The legacy of Alan Greenspan likely cost taxpayers hundreds of billions. But, as The Wall Street Journal notes, it's also hurt the value of the somewhat odd works by painter Erin Crowe.
In 2005, after finishing up graduate school, Crowe took up painting portraits of Greenspan, the free-market champion and former Federal Reserve Chairman dubbed "The Maestro" by Bob Woodward. As the Washington Post reported in 2005, things got crazy for Crowe after CNBC aired a segment featuring her paintings, which have titles like "I Gotta Tell Ya" and "Humpf."
The unauthorized Greenpsan portraits quickly began being snatched up by financiers and hedge funders for prices of up to $12,500. Crowe says that she originally began painting Greenspan's portrait as a challenge, and thought of him as a kind of pop icon.
But, wow, things have changed. The WSJ notes that one lawyer currently hides his Greenspan under his bed, another buyer hides them away in his summer home. And a hedge fund owner in New York City still has two paintings of Greenpsan's memorable mug hung in his office, but he's certainly not happy about it. Here's the WSJ:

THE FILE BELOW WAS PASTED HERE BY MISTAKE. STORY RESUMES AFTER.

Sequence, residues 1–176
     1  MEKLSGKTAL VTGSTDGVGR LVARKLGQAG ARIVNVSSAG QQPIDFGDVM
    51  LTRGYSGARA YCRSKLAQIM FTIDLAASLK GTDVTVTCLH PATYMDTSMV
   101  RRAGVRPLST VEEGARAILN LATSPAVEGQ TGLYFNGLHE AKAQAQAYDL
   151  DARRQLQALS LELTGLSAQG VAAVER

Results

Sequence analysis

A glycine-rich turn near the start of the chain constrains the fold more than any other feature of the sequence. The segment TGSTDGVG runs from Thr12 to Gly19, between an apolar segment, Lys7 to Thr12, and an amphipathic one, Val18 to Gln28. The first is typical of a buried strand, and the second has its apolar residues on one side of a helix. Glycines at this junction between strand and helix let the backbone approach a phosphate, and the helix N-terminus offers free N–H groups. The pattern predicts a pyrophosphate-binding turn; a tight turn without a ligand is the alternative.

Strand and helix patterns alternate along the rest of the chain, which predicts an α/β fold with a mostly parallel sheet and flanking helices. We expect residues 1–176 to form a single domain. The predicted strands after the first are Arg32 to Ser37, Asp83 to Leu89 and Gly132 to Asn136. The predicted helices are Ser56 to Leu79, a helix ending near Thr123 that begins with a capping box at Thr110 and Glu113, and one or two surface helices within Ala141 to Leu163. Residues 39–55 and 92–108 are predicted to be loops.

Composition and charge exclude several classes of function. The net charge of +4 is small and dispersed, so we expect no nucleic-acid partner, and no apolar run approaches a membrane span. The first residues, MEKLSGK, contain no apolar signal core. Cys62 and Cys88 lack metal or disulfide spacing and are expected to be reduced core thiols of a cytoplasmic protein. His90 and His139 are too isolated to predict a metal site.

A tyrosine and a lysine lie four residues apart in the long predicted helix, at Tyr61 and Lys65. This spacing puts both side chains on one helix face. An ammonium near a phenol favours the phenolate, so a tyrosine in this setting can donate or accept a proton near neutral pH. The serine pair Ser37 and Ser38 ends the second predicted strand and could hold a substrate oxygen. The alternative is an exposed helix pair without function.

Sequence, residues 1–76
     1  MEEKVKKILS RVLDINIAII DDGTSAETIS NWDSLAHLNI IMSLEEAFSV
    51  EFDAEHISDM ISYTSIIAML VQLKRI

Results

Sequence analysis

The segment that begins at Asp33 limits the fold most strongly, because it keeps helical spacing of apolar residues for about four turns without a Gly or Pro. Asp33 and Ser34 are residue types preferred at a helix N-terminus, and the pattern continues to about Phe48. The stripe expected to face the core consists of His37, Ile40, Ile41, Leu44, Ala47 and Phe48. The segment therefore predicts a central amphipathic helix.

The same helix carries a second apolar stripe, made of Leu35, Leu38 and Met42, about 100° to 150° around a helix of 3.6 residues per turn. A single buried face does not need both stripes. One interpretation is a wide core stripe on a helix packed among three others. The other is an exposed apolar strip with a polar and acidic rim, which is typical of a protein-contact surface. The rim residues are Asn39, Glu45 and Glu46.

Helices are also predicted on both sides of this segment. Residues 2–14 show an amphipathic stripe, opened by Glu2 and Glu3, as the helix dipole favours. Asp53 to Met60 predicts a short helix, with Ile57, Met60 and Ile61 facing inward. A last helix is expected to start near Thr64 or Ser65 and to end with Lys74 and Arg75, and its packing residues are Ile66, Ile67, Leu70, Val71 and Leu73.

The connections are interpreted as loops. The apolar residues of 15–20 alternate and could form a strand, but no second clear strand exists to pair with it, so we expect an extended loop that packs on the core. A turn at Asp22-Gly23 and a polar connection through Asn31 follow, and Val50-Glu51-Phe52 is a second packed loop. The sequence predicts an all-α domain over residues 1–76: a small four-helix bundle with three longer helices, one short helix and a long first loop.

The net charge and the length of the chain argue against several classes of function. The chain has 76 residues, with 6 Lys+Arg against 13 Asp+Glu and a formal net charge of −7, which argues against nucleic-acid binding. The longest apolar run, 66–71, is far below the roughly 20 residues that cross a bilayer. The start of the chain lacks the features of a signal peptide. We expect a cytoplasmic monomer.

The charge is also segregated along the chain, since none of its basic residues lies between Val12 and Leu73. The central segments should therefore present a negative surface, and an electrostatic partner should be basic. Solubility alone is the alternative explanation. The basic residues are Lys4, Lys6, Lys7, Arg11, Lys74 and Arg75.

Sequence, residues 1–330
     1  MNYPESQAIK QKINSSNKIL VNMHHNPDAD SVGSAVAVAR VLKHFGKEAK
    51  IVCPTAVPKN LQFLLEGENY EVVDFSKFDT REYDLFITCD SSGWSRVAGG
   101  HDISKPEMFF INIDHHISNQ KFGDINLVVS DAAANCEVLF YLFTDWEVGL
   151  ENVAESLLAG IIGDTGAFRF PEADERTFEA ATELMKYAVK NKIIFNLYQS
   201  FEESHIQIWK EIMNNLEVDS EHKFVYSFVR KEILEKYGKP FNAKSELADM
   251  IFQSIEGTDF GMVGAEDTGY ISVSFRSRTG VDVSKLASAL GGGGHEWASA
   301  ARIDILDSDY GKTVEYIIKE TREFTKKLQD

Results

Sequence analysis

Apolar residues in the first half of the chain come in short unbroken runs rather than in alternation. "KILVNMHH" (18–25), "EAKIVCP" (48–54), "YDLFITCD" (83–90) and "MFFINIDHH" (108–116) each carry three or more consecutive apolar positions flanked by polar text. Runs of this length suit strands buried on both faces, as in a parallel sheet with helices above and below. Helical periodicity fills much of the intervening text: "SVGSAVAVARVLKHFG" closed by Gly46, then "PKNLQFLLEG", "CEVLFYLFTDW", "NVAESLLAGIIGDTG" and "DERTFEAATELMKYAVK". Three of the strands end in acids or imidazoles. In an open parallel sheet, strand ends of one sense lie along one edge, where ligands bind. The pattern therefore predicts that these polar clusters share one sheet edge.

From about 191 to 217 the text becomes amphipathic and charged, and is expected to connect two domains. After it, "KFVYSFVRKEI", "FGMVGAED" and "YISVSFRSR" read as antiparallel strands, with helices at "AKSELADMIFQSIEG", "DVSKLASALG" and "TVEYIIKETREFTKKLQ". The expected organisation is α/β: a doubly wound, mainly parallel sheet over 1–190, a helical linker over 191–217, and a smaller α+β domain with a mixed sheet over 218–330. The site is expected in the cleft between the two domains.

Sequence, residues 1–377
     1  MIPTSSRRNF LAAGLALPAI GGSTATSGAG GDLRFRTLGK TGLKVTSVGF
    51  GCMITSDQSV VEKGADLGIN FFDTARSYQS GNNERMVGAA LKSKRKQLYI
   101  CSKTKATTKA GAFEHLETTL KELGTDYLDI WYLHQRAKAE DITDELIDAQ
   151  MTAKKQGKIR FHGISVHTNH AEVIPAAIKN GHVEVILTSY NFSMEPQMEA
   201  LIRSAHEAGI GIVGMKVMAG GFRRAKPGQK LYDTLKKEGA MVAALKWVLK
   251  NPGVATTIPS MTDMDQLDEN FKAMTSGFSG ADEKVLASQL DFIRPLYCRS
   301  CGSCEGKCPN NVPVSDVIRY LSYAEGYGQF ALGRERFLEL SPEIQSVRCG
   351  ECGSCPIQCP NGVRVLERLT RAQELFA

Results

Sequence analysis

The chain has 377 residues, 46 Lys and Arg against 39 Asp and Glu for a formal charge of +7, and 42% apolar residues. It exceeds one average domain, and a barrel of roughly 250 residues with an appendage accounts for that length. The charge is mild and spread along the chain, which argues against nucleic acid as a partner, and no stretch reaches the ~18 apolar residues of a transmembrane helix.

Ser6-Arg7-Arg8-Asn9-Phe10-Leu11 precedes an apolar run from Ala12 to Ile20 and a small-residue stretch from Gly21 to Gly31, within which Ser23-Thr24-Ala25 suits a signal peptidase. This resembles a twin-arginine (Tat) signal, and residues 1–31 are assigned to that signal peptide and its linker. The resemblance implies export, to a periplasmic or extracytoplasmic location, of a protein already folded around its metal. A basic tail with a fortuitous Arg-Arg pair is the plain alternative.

"What I should do is make them into a dart board," says Charles Gradante, who with his wife, Lee Hennessee, runs the Fifth Avenue firm that advises investors in hedge funds. "All I see when I look at these paintings are two market crashes, a bear market, and the current economic crisis."